It’s clear how much inspiration the watches take from these different aspects of German aviation history. To create the first metal plane,
Junkers had to use corrugated metal, which is a thin but stable material, and Pointtec uses this in the Junkers brand as a nod to the aviation innovations of the past.
The brand features busy faces with functions such as chronographs and automatic batteries. The Junkers brand also has a watch range with homages to Hugo Junkers’ support of the bauhaus art movement, which Brandt says is the most successful line in the UK. Meanwhile the Zeppelin brand takes its inspiration from instruments that you would find in an airship, taking on a more traditional and classic look than the Junkers brand.
The brands have a crossover audience, but he says that the aviator style of Junkers is generally aimed at the younger audience of people aged 18 and older, right up to 50-plus, while Zeppelin’s more traditional style is preferred by consumers who are 3-plus. Both watches are generally marketed towards the male market although they do have some female ranges.
In 2014 Zeppelin and Junkers came second and fourth, respectively, in a list of the top 10 watches under €2,000. The list was published in a German watch magazine, Uhren, and voted for by the readers. The top watch was around €2,000 while the Junkers and Zeppelin watches were around €700.
Pointtec takes particular pride in its value for money. “To be honest there are no proper competitors,” says Brandt. “We have competitors in design and quality, but they are for more expensive.” Both brands have high-end watches worth more than £1,000 with models of between
£150 to £350 being the most profitable for retailers. With the company producing other 150,000 watches last year, Pointtec keeps its prices low by bulk buying high-quality Swiss and Japanese parts. Half of the company’s watches have automatic mechanisms, and with a starting price of £160, Brandt says, “you won’t find that in the world in another brand. No chance”.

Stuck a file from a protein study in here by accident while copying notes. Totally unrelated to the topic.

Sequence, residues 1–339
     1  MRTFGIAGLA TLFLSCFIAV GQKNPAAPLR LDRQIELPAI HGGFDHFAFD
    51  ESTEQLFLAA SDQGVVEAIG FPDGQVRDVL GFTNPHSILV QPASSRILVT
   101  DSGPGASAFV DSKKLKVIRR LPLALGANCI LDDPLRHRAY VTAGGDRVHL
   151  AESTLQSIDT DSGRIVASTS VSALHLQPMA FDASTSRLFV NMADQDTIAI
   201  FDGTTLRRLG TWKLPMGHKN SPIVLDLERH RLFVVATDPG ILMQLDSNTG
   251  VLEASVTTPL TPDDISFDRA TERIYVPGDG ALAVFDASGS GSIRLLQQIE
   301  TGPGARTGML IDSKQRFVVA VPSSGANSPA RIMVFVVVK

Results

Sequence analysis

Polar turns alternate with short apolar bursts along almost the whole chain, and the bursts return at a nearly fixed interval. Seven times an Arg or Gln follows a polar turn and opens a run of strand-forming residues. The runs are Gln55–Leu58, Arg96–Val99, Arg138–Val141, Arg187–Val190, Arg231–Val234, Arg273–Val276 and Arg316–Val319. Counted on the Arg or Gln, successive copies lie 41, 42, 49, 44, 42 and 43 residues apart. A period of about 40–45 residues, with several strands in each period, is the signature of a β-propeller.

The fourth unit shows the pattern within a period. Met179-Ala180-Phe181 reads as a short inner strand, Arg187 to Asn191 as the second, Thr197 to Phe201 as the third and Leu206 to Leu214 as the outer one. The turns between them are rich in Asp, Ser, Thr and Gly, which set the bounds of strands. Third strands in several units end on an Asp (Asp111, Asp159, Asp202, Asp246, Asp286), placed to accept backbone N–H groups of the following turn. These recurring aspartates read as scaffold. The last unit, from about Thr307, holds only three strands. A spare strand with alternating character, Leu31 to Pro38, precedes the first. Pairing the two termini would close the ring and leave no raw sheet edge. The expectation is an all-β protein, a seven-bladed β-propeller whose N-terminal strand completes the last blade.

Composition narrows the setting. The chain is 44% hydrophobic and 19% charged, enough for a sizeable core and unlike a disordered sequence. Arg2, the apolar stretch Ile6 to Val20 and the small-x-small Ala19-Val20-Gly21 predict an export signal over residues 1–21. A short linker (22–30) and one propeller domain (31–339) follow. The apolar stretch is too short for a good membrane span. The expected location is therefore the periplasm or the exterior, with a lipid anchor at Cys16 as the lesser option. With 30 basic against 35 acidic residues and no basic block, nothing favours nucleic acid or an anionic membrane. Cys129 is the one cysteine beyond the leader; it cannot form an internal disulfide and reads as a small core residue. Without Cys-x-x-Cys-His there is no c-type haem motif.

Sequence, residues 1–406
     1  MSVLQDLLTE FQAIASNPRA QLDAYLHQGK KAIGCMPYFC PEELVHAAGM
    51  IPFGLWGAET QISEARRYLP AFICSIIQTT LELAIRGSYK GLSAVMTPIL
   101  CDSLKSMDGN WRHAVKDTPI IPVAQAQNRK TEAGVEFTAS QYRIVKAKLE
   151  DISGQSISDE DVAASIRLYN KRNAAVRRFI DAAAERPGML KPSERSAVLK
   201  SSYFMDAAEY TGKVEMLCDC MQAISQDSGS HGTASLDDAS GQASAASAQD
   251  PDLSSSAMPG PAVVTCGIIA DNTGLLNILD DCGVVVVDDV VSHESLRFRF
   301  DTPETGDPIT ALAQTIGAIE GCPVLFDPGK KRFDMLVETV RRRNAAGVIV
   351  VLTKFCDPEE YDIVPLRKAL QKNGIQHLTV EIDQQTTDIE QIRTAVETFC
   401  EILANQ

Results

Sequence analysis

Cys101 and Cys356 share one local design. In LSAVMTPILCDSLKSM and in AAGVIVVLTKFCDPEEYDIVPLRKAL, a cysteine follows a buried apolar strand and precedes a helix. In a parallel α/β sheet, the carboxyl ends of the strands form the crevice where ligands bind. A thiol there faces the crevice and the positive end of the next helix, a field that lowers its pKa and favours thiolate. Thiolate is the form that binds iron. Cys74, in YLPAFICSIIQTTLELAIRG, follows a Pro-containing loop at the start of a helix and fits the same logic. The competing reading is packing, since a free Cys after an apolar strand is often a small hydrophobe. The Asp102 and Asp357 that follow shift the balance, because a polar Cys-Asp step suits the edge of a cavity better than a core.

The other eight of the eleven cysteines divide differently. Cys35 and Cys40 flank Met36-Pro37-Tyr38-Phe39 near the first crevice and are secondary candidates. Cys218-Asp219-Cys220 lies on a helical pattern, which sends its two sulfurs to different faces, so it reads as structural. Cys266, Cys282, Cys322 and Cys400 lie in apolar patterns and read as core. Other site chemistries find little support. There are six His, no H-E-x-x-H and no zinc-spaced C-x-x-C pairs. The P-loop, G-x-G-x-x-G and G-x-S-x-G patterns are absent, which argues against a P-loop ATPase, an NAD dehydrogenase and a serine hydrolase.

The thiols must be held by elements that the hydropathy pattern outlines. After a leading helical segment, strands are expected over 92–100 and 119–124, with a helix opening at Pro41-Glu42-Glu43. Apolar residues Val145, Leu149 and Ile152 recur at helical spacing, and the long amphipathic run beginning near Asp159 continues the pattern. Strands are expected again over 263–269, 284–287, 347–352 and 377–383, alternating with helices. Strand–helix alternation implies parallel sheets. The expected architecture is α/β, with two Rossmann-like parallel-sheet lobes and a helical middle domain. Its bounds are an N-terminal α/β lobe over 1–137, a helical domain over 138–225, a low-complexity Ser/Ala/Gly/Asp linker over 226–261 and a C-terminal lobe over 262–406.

Brandt also mentions that the company doesn’t really do any public advertising, which he says is reflected in the cost price. He says: “This is a way of saying no, we have a good product with a lot of history, a lovely name and good quality but to be honest it’s word of mouth.”
Both brands have shown potential for fast growth, although keeping to the firm’s family-run roots, Pointtec prefers to keep things slow and steady. “The plan is to grow together with family-run businesses. We are not interested in quick money, we are interested in long partnerships,” says Brandt. The company does not deal with Amazon and major chains, nor does the company “blackmail” customers says Brandt. “Our policy is to grow with them, we don’t tell them that this is the minimum order or you have to have these designs in the window or we won’t have you as a partner. We are quite flexible.”
The company has recently improved its service for UK retailers with a UK-based watchmaker who repairs and supplies spare parts, but there is still room for further growth. Brandt says that he can probably look after 80 to 100 customers, a significant number when considering that the company is willing to offer retailers an exclusive area, depending on how many watches can be sold in any given locale. Brandt says: “When I look at the map, I think if we can end up with 100 customers then that would be a lot, it would be perfect.”